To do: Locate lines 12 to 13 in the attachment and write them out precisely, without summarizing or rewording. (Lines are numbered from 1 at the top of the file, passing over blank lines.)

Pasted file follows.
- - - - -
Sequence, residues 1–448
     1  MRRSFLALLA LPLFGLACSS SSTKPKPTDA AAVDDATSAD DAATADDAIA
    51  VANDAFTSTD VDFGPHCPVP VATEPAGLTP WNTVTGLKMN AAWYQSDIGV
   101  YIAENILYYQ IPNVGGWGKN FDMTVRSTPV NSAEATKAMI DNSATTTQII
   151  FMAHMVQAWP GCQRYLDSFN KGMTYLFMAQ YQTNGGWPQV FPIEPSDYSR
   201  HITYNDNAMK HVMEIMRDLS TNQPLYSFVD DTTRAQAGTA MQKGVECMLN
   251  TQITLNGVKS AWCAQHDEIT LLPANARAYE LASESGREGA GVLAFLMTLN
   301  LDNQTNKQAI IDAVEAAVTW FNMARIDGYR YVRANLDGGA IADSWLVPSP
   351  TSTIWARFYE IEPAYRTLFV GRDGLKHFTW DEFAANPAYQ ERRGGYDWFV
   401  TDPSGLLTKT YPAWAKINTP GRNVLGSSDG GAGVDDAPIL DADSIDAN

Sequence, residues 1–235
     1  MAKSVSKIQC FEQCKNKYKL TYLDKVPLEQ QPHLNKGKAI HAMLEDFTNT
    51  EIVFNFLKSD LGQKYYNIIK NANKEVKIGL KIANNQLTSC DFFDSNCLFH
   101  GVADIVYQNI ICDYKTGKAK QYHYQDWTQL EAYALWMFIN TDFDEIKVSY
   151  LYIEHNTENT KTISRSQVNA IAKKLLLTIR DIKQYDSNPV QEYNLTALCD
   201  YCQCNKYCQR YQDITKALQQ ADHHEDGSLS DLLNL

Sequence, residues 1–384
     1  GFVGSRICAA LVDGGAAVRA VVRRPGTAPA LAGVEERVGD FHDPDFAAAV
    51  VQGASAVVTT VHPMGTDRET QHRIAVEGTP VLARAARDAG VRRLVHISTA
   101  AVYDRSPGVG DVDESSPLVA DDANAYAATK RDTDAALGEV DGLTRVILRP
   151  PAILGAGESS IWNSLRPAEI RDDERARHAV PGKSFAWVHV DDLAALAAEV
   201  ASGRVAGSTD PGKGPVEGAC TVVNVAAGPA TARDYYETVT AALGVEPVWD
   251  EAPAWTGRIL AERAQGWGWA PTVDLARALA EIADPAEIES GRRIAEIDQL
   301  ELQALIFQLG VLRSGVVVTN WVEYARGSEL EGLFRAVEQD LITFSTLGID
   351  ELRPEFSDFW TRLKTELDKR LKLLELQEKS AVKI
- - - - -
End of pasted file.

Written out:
     1  MAKSVSKIQC FEQCKNKYKL TYLDKVPLEQ QPHLNKGKAI HAMLEDFTNT
    51  EIVFNFLKSD LGQKYYNIIK NANKEVKIGL KIANNQLTSC DFFDSNCLFH